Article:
Federal Style, 1760—1830

202 S. Huron

211 N. Huron



The Federal style, named for the new American republic, evolved from the more ornate English Georgian style but appeared as a strong and dignified, simple and restrained statement of its own outstanding merit. Three variants existed: Jeffersonian Classical, Regency, and Adam, the most common locally.

FORM:
simple rectangle, 2 to 3 stories, usually symmetrical, with occasional small portico (porch) supported by smooth columns, round or square.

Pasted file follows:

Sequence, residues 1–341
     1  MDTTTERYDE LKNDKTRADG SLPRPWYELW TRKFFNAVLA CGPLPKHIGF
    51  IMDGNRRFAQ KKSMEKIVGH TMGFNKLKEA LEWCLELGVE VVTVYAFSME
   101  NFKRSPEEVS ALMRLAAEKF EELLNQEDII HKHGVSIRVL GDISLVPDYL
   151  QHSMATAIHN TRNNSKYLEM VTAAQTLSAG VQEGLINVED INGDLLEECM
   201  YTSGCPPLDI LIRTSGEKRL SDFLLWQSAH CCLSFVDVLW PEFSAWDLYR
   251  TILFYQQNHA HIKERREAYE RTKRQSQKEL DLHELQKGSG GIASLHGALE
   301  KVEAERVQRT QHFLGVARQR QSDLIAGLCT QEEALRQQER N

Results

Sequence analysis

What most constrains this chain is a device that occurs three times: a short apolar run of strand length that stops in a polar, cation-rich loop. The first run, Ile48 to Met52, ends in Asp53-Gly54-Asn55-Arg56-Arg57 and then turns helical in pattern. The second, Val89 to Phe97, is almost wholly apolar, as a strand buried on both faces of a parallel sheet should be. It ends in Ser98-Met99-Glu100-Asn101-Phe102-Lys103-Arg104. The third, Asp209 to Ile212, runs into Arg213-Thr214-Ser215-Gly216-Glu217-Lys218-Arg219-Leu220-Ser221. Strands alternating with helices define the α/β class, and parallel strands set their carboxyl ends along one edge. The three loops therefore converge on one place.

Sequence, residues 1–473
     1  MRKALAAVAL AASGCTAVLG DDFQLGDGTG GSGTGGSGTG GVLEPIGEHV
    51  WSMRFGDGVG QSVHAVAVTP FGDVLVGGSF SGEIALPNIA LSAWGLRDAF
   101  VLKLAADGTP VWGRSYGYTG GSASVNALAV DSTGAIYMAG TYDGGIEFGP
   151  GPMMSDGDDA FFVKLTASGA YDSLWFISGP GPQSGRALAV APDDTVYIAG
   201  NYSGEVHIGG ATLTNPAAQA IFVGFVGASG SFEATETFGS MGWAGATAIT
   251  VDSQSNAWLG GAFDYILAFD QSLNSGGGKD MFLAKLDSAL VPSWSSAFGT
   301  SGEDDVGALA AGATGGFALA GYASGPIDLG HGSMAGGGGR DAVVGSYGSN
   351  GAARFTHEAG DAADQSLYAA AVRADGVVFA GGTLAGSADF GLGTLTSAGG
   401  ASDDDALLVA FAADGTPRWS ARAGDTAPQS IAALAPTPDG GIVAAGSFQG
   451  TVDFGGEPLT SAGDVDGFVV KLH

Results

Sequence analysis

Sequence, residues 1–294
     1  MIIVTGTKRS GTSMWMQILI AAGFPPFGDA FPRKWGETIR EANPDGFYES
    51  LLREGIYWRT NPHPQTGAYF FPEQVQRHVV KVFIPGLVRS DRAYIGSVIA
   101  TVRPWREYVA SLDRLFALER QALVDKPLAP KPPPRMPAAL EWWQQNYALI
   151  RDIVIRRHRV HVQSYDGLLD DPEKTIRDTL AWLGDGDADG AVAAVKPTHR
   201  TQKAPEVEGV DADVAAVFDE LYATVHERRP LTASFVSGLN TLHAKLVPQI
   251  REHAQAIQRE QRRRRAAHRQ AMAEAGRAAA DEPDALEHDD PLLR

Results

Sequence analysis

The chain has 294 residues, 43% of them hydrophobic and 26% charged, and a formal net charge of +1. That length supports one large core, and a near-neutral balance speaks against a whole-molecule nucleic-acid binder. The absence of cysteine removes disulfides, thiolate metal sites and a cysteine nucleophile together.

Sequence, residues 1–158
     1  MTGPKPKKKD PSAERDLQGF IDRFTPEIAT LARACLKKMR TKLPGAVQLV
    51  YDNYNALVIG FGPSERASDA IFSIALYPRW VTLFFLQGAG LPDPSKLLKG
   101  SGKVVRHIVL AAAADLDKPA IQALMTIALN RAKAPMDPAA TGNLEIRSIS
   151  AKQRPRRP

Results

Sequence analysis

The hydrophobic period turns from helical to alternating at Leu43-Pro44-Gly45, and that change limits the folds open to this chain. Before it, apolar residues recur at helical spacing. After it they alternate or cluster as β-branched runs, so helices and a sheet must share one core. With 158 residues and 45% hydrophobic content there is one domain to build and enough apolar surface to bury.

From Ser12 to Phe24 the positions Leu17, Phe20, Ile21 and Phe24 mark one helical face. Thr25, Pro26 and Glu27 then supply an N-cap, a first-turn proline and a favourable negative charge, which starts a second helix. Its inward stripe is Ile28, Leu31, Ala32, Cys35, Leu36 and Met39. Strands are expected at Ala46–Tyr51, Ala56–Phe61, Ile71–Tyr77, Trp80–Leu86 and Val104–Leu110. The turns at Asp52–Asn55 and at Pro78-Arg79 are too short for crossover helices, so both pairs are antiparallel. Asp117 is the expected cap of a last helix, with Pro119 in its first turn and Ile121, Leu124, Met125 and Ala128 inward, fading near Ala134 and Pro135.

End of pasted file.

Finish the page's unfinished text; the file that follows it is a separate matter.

ROOF:
medium pitch gable, or hip, sometimes rimmed by a balustrade; ridge parallel to street: no overhang, minimal cornice.

ENTRANCES:
emphasized by small porches with classical columns or flat, fluted pilaster; supporting a triangular pediment; door flanked by narrow sidelights whose panels of glass and wood matched those of the door.

WINDOWS:
double-hung, small panes 6 over 6, shuttered, often trimmed with a slightly emphasized header (architrave); elliptical fanlight transom and side lights flanking the main entrance were common nationally, rare locally.

CORNICE:
often classical with accentuated dentils.